132 words: Infamous Blue Raincoat

 

It’s four in the morning, the end of December.
I’m writing you now to tell you I’m better.
Edmonton is cold, but I have dreams for my life now.
It’s beautiful. I am finally proud.
 

When I left, you looked so much older.
The thin gypsy thief stood with you,
his famous blue raincoat still torn at the shoulder.

I’m glad you forgive him, your brother, my scandal.
The regret for me is too much to handle.
Because he never really took the trouble from my eyes
It was there for good. Neither of you tried.

You were both looking for your Lili Marlene’s
But it wasn’t me, I was just one passing train.
I wasn’t the first to be untrue.
I have my own raincoat now, untorn and blue.

Sincerely, Jane.

There’s so much to say about this. Firstly, I need to pay homage to the man, the Great Leonard Cohen. When I wrote that I wasn’t sure if epistolary form was done much (I meant past the 18th Century) in short/flash fiction, I did not take into account “Famous Blue Raincoat,” or songwriting in general. One of the greatest forms, in my opinion. And especially Leonard Cohen’s songwriting, because it is all his own stories, in various and beautiful ways (many, it seems, as tributes or letters to others).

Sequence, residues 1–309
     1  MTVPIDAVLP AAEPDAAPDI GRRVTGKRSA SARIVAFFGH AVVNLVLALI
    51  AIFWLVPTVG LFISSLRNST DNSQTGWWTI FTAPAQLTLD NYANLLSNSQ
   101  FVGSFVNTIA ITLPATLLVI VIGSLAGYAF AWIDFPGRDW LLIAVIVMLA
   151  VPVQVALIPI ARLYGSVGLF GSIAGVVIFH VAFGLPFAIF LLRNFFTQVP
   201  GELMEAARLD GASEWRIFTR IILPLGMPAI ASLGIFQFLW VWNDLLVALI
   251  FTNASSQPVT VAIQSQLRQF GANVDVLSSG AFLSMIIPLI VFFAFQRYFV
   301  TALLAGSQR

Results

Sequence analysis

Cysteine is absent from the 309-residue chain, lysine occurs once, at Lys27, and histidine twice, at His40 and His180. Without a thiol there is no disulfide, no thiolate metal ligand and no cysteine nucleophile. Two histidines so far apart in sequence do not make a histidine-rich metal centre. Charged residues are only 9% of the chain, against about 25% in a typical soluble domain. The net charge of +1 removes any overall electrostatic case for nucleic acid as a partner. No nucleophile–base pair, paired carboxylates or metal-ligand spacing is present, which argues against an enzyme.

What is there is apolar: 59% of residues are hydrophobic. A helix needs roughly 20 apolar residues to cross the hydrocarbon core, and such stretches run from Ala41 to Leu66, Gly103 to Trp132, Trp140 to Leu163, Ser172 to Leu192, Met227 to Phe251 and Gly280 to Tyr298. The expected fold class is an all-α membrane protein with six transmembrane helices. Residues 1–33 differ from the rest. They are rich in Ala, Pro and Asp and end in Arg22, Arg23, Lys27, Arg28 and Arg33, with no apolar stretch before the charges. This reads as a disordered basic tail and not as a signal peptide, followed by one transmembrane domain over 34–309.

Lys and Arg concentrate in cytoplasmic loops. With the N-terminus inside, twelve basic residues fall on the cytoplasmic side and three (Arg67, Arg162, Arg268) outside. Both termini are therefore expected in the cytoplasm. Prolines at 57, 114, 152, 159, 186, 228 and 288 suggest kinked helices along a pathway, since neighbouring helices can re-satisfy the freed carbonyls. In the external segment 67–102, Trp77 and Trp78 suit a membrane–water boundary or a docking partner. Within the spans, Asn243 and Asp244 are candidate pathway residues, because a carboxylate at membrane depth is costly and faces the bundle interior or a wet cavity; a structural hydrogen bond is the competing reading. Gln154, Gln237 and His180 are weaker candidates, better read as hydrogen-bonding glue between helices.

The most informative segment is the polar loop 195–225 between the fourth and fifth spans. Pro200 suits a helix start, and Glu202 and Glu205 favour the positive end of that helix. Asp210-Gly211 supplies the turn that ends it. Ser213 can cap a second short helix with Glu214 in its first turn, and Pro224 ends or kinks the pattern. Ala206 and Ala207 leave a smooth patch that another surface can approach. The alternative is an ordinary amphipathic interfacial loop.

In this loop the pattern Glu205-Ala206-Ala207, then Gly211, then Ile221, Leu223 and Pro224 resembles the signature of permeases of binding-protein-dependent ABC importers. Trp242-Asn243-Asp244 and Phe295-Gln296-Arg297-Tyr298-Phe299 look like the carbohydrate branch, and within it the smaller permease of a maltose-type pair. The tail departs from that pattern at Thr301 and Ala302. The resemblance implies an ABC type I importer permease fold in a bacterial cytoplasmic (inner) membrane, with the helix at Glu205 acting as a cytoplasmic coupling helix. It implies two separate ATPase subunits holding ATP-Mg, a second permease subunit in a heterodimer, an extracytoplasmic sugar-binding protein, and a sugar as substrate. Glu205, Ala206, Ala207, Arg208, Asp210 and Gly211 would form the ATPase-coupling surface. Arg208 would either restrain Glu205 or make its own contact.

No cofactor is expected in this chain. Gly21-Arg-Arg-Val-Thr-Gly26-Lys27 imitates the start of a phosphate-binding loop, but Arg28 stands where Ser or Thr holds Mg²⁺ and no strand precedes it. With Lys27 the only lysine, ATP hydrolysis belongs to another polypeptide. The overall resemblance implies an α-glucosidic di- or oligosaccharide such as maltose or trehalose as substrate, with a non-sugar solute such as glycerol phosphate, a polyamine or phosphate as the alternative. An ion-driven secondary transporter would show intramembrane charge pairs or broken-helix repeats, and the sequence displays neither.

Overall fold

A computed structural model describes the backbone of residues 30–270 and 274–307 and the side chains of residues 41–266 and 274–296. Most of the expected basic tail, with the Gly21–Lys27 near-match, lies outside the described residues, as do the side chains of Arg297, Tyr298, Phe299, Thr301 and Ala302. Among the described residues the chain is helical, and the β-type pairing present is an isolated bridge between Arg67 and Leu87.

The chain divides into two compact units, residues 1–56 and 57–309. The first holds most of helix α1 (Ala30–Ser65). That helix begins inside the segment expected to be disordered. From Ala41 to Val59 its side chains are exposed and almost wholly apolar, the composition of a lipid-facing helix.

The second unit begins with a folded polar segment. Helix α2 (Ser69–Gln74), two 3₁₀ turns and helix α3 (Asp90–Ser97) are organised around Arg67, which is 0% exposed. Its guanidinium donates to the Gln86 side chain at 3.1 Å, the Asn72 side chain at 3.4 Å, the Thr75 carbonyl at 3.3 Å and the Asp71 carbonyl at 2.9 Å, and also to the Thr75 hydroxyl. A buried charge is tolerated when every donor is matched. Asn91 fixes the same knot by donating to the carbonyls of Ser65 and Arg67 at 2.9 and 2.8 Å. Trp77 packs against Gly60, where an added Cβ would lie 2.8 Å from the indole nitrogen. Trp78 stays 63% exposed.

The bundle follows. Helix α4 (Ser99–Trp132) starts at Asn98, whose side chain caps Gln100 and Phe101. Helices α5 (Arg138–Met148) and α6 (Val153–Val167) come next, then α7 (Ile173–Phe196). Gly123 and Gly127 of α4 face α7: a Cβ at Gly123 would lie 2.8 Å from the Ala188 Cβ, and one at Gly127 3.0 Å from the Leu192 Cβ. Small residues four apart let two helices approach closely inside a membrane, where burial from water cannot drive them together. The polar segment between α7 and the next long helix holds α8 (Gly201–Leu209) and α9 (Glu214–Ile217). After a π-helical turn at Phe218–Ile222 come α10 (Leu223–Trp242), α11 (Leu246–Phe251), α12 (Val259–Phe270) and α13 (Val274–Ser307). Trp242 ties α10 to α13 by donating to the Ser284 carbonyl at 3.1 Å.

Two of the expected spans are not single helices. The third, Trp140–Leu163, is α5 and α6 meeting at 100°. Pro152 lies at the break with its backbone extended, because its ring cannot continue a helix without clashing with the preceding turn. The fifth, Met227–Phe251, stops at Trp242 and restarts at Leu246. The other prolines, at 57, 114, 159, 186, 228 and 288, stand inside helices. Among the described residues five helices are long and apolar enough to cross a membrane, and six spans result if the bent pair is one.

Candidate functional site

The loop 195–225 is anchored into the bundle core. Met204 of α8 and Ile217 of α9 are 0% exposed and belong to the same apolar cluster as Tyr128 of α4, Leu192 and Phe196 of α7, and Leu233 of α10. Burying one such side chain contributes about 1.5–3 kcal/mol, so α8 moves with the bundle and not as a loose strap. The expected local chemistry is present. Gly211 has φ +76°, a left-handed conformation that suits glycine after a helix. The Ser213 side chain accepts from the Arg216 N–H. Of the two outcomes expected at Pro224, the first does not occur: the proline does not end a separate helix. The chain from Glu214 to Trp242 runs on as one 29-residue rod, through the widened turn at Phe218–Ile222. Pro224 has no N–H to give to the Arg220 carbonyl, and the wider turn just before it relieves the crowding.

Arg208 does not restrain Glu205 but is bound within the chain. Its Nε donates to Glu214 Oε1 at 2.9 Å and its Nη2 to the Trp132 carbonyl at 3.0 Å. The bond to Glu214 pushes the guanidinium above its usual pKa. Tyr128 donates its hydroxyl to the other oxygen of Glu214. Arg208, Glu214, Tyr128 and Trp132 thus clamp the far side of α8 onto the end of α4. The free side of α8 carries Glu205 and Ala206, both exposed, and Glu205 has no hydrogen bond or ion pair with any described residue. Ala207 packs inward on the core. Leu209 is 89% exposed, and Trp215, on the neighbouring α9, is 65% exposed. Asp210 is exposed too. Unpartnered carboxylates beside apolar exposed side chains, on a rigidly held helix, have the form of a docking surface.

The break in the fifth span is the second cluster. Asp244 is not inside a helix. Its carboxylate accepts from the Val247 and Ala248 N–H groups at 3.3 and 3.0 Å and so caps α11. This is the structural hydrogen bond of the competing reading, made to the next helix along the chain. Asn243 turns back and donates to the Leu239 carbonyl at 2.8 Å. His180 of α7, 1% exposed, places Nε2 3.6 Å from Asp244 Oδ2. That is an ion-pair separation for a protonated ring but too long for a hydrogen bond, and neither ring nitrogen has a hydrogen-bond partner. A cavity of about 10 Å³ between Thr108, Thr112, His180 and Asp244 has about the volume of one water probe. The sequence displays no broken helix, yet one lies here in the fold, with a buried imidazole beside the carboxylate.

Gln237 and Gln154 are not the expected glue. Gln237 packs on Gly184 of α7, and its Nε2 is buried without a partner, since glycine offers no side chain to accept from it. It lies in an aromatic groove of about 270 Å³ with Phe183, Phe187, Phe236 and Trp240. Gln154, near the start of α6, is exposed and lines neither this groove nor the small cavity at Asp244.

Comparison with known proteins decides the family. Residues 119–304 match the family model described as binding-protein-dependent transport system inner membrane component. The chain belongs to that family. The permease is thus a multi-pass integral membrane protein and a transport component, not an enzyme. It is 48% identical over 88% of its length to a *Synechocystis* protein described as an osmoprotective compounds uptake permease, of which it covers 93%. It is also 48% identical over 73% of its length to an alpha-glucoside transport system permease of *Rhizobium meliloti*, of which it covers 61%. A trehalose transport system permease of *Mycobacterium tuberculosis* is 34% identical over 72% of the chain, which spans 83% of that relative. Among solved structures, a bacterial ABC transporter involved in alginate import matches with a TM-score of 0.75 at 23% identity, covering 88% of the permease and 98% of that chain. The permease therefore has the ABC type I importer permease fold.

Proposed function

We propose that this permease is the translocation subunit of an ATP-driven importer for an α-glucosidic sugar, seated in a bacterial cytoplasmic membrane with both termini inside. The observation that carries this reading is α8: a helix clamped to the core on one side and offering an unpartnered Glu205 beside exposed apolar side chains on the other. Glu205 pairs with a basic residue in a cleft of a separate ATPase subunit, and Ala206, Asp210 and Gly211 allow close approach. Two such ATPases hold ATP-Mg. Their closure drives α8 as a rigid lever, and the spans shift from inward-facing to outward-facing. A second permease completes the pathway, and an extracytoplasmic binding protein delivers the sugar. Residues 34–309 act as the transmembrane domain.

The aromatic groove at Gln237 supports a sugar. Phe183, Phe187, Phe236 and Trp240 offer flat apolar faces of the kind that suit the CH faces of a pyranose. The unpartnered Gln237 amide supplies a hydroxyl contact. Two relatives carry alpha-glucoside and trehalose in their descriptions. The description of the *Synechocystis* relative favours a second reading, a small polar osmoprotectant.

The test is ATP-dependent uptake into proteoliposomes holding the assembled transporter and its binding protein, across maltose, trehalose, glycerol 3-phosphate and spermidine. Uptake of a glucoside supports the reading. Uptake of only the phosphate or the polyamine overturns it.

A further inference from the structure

Secondly, this is a shorter form of the longer response piece that I wrote. I’ve been wanting to write this particular piece for a while, and I wanted to do it here, in this project of mine, while I still had a decent amount of words to work with. Though I had to cut parts, I plan on putting the full version up at another time.

Thirdly, and maybe most importantly, the reason I wrote this. This song is talked about and analyzed to death, and it has quite a few response pieces from other (way more talented and famous) people. In particular, Geoff Rickly from Thursday wrote a response, “My Favorite Blue Raincoat,” from the perspective of L. Cohen’s friend (the man with whom Jane has her affair). Both Cohen’s song and the responses that I’ve seen are from the perspectives of the men in the love triangle. That’s great. And let me be clear, I love both of these songs and both of these artists. But, I have yet to read something from the perspective of Jane. So, since I haven’t yet heard her voice, I wanted to give her one.

Also, this might be poetry, I don’t really know because I don’t write it. But I wanted to keep it in the form and style of “Famous Blue Raincoat.”

Listen to the masterpieces here:

Leonard Cohen: “Famous Blue Raincoat”
Geoff Rickly: “Favorite Blue Raincoat”

Advertisements

One thought on “132 words: Infamous Blue Raincoat

Leave a Reply

Fill in your details below or click an icon to log in:

WordPress.com Logo

You are commenting using your WordPress.com account. Log Out / Change )

Twitter picture

You are commenting using your Twitter account. Log Out / Change )

Facebook photo

You are commenting using your Facebook account. Log Out / Change )

Google+ photo

You are commenting using your Google+ account. Log Out / Change )

Connecting to %s